As a parent, it can be difficult to know how to best help your child through the arduous college application process. On one hand, you may feel tempted to help them with each and every step, wanting to have as much control over the process as possible. On the other hand, you may want to leave your child completely to their own devices, encouraging them to stand on their own two feet.
A parent’s role in the college application process doesn’t need to be so black or white though. Let us show you different roles you can take on to help your child through the process without going too far on either end of the spectrum.
Help Them Plan
Good organizational skills are crucial to your child’s future, no matter where they go to school or what they study there. The application process is a great place to develop those skills. As a parent, you can help your child organize their applications, and remind them of important dates. Even better, help them learn how to keep track of important dates and deadlines themselves. Introduce them to good organizational materials, such as phone apps and notebooks, and show them how to use those tools well. As we’ll discuss later on, you don’t want to go overboard with this, but there’s nothing wrong with encouraging your child to have good time management skills.
Give Good Information and Questions
There are details you may know that your child may not about choosing a certain school, such as how much financial aid they’ll need to attend, how easy or difficult it would be for them to come home during breaks, and perspective on what kind of school they might like (such as a large university versus a small liberal arts college).
Similarly, they may not always know what to look for or what to ask about a school. Encouraging thoughtful questions during tours or college counseling meetings may help them to discover new opportunities or considerations they might not have thought of on their own. Furthermore, if your child has questions you can’t answer, you can help them to find the answer through various resources like college counselors or admissions guides.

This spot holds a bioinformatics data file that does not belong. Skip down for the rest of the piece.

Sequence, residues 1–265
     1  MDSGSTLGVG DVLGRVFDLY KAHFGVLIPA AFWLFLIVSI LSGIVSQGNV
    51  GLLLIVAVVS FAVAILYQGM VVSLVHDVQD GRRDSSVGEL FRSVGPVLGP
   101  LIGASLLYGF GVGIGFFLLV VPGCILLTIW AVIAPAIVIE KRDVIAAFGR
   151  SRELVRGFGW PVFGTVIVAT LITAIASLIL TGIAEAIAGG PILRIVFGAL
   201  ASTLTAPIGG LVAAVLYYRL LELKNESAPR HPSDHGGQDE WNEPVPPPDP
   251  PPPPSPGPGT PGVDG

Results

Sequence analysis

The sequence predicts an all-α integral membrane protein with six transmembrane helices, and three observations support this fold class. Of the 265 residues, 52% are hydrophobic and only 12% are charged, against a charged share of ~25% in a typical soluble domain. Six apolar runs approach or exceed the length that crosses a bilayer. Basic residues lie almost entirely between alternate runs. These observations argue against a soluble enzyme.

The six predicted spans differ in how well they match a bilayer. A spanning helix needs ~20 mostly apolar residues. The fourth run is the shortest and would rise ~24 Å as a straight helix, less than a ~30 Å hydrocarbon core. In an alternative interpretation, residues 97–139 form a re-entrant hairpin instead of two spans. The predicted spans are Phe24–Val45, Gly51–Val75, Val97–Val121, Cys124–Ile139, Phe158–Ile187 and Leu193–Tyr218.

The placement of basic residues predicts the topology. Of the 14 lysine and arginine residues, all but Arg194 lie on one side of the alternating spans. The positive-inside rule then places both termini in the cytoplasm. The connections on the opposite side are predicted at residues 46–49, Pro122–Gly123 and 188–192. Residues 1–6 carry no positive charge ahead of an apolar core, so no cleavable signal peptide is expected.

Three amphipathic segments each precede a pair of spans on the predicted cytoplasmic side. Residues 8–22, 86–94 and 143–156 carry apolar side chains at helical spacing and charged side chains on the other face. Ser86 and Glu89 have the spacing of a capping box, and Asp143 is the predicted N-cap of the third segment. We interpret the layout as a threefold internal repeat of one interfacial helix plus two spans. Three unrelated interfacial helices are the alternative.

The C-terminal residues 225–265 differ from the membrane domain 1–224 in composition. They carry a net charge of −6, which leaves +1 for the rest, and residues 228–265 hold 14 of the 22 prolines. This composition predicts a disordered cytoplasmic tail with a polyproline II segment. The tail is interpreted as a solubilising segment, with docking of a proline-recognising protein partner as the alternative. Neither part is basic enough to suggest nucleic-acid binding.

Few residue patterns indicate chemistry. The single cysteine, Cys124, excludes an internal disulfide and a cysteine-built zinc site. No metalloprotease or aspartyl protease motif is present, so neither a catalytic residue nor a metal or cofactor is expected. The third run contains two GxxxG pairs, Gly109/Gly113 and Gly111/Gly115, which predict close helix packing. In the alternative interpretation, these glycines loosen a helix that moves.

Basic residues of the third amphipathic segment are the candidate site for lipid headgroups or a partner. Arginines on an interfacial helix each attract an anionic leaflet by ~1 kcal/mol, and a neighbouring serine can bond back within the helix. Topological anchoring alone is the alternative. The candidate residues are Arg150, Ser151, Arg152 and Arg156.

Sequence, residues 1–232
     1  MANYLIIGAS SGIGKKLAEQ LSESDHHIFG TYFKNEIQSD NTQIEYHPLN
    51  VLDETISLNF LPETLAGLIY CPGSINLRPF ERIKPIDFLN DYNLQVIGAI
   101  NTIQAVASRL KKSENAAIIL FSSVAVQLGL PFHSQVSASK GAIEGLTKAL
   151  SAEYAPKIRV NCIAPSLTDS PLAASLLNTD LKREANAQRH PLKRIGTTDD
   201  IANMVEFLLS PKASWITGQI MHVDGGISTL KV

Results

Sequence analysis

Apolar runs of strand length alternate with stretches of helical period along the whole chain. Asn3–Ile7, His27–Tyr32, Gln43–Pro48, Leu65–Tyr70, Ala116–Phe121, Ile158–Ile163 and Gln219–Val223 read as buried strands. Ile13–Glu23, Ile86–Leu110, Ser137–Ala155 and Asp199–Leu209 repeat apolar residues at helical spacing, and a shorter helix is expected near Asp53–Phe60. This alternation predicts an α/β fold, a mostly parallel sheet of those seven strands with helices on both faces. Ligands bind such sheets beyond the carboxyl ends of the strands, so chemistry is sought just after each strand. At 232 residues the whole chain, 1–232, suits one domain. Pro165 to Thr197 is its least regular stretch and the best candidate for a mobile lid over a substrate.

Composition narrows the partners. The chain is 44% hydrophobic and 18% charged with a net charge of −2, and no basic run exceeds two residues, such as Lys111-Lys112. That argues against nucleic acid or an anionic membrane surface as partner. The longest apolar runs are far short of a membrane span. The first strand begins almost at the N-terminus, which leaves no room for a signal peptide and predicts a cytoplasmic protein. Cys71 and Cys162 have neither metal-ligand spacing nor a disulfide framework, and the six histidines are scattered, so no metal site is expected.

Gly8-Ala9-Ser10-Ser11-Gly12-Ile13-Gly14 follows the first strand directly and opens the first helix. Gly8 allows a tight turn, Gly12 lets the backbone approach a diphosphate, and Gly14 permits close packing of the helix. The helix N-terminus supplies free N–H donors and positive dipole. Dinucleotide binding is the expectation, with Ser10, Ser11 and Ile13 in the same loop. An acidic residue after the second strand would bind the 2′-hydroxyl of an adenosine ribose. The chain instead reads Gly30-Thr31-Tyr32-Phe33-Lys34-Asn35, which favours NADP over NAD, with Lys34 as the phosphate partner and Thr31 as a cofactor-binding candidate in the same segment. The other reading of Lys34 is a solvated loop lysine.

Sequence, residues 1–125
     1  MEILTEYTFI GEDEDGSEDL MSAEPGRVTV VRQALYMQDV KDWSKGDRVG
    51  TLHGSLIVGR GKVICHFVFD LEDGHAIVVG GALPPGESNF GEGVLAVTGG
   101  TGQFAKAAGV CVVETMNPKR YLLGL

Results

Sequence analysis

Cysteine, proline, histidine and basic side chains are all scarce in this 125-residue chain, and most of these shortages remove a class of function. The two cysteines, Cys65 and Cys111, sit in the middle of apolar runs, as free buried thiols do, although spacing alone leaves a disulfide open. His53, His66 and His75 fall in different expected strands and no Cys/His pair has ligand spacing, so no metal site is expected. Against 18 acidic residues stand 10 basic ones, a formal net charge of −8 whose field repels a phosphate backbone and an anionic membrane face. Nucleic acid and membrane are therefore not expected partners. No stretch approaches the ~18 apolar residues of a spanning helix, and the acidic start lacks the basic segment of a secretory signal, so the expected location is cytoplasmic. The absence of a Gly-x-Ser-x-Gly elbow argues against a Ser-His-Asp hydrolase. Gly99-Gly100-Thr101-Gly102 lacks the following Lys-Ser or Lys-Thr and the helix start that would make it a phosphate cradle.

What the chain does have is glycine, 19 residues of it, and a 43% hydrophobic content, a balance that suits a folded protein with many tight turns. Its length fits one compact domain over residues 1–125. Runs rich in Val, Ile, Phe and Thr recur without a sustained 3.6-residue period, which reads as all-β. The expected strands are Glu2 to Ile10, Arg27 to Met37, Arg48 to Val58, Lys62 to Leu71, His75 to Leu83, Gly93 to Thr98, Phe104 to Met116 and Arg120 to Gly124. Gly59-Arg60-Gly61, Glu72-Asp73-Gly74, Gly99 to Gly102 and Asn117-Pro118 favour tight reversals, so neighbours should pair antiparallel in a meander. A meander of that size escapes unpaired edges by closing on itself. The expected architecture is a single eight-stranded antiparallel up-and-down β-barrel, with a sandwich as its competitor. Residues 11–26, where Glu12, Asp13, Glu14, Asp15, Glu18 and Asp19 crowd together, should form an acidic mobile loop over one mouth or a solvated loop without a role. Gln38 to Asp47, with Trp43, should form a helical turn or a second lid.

Act as Extra Eyes and Ears
With lengthy applications, essays, and interviews, acting as a proofreader or a mock interviewer can help your child gain perspective on their strengths and weaknesses. Bear in mind, you should not force your child to share their work. However, should they ask for help in these areas, you certainly can give it to them. When reviewing their materials, be sure to look critically, and with as unbiased of a view as possible.
Encourage and Support Them
At the end of the day, this is your child’s process, and you need to let them go through it. Hovering over your child will not help them get into a better college, and certainly will not help them succeed in the future. Preparing them to stand on their own two feet may be one of the best things you can do for them right now.
In essence, the best way to help your child is to provide them with the structure they need to succeed, but let them do the work on their own. Help them lay out their work, ask the right questions, and then be there for them should they need help along the way. Beyond that, this is your child’s life and future, and while you may have an emotional and financial investment in it, they are the ones who live it.